Breaking through the sensationalizing associations with slavery, we hear the very real voices of the victimized West Indian women. Their story reminds us that race-based crime and the scant protection afforded to overseas recruited nannies, domestic and personal care workers are long-standing injustices in Toronto.
DUSKY SERVANTS ILL-TREATED IN TORONTO.
Young Women Brought From West Indies Under Contract Allege That Local Employers Tyrannize so That They Have to Seek Police Assistance.
There is black as well as “white” slavery in Toronto, and the source of supply is among the negro girls of the West Indies.
Numbers of these have been brought to Canada to supply the dearth of domestic servants, and the system of the “slavery” is along the same lines of cruelty and deceit, this of course, in a minor degree, as the peonage of Mexico and Yucatan. Many of these girls have within the last few days appealed to the police for protection against cruelty, insult and a petty tyranny by the retention of their chattels and attacks upon their characters.
An outline of several stories told to The World was submitted to Staff Inspector George Kennedy of the city morality department, who said yesterday:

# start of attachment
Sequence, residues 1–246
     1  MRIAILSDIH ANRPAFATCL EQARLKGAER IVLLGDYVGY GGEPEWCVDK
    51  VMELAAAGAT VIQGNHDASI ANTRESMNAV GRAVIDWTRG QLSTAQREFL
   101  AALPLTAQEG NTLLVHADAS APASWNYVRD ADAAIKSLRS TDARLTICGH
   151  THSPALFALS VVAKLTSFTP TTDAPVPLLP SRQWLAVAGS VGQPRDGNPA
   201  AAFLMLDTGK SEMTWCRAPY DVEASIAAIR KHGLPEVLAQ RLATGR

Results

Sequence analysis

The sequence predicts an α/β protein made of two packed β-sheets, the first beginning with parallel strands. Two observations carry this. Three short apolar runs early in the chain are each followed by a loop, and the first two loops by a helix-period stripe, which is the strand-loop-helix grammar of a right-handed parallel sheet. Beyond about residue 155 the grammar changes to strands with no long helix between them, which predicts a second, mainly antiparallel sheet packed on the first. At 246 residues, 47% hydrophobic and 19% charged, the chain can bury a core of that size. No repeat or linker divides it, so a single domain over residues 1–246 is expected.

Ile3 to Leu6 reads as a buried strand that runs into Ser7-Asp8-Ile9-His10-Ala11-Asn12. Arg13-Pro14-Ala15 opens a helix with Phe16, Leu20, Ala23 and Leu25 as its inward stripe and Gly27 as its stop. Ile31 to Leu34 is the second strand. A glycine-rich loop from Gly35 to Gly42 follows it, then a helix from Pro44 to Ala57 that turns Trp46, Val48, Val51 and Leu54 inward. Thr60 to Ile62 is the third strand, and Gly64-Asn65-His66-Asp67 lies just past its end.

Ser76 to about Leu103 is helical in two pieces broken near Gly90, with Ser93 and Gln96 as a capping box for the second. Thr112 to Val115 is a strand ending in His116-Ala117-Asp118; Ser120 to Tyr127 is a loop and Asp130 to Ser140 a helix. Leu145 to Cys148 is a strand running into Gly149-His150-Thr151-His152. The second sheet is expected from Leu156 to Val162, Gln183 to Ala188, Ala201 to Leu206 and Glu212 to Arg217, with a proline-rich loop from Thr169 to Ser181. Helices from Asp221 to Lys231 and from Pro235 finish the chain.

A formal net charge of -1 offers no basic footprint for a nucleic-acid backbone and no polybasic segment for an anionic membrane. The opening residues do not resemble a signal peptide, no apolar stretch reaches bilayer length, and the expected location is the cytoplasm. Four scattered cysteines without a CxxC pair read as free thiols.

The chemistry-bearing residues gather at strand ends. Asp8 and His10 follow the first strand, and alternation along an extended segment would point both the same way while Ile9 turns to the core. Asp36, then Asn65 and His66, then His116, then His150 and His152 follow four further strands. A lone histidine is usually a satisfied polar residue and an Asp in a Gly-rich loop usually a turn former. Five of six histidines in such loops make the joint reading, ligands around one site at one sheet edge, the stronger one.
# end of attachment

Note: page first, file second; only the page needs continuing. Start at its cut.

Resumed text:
“Yes, the girls have complained to me, and the department has taken steps to secure restitution of their goods to them. The complaints received in this office are practically as outlined. “
It appears that the girls were brought from the West Indies through a Mrs. Meggs, who lives at St. Kitts, West Indies. Their passage money, about $50, was advanced by their prospective employers, there upon an agreement signed by the girls that they would work for such employers at $10 per month and would repay the advance at $3 per month until the debt was wiped out. Arrived here, they have gone to work as domestics in what are considered reputable and well-conducted homes. Then, in some cases, the treatment accorded has been somewhat akin to that of plantation days, rather than that of free and independent wage-earners.
One Woman’s Story.
The World saw Theodosia Audain, a very black but quite intelligent and refined woman in the police court corridor, yesterday morning. This is her story: